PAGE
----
The message of responsibility

To the editor:

I would like to comment on the syndicated column, ” If You Drink, Don’t Enjoy It,” written by Froma Harrop and published on 8/19/2013 in the Marshall Independent.

I am just not sure what to make of the article. I duly note the mention of my sister, her husband, daughter-in-law and grandson. It is good to remind driving drinkers of the consequences. At first the reference seemed somewhat flippant to me, but I am still in mourning. I am still waiting for my niece-in-law to come home from the hospital. I am still waiting for her to walk. I am still waiting for her to recover her full speaking abilities. I watch my great nephew with joy, but know that he is faced with a lifetime of physical and cognitive issues. Perhaps Ms Harrop should have said, “critically injured for life.” My nephew’s life was changed forever when his parents, wife and 10-day-old son were all hit simultaneously by an alleged drunk driver while walking across a street in a school zone at 4 p.m. in the afternoon. The alleged drunk driver’s license had already been suspended due to a recent DUI.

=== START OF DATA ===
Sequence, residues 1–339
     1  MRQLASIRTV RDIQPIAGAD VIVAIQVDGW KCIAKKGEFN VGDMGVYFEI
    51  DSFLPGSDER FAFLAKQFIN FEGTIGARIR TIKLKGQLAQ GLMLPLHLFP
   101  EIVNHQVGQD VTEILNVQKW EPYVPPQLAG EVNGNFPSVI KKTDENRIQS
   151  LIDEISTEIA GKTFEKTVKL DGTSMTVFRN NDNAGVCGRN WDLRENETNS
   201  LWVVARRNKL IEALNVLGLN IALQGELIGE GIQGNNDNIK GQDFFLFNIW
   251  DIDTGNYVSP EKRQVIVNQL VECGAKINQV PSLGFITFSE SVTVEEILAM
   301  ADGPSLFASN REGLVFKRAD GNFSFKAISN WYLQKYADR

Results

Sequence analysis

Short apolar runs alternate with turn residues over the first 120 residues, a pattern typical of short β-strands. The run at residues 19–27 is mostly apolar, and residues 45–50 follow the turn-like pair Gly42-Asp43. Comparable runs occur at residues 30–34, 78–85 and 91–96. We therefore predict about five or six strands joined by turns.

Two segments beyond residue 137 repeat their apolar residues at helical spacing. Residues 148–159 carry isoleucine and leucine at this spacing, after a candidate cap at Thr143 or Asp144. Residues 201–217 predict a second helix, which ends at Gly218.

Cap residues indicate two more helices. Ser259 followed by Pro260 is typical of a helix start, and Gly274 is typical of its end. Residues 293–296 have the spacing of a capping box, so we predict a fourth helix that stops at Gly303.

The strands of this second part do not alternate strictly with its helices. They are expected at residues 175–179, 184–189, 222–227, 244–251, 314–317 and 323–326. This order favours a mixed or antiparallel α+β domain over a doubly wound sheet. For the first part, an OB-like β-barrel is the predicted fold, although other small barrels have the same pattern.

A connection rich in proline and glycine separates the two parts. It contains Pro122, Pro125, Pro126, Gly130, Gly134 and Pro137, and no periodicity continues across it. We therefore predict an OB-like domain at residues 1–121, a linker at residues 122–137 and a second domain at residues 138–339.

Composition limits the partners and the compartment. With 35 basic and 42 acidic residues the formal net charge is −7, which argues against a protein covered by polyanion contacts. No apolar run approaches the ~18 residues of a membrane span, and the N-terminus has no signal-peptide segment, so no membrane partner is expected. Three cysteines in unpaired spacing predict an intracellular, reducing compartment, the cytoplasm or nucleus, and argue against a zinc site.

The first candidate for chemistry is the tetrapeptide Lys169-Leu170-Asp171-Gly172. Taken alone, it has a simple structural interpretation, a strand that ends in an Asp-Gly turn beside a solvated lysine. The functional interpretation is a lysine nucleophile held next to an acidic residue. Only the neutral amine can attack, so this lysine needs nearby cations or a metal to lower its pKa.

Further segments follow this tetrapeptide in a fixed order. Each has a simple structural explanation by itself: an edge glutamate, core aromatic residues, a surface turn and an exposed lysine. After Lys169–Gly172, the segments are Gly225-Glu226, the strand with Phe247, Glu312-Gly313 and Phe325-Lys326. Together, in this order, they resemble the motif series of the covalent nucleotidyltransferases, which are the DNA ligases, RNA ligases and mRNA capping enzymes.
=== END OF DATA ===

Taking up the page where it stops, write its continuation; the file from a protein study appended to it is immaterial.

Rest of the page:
The real issue is not the enjoyment of alcohol. The real issue is in the enforcement of DUI laws in each state. This includes credible and pro-active follow-up by law enforcement agencies after a license suspension and conviction.

It is too easy for a convicted drunk driver to continue to drive with a suspended license.

The message of responsibility is an important message. Thank you. It should come with a picture of my sister and her husband covered by white sheets in the middle of an intersection. See Seattle Times, March 26, 2013. That would not make an impression on the alcoholic who is no longer in control, but it might have an effect on the “social drinker” who sometimes has one too many and enjoys it.

Please, don’t drink and drive.

Sue Morton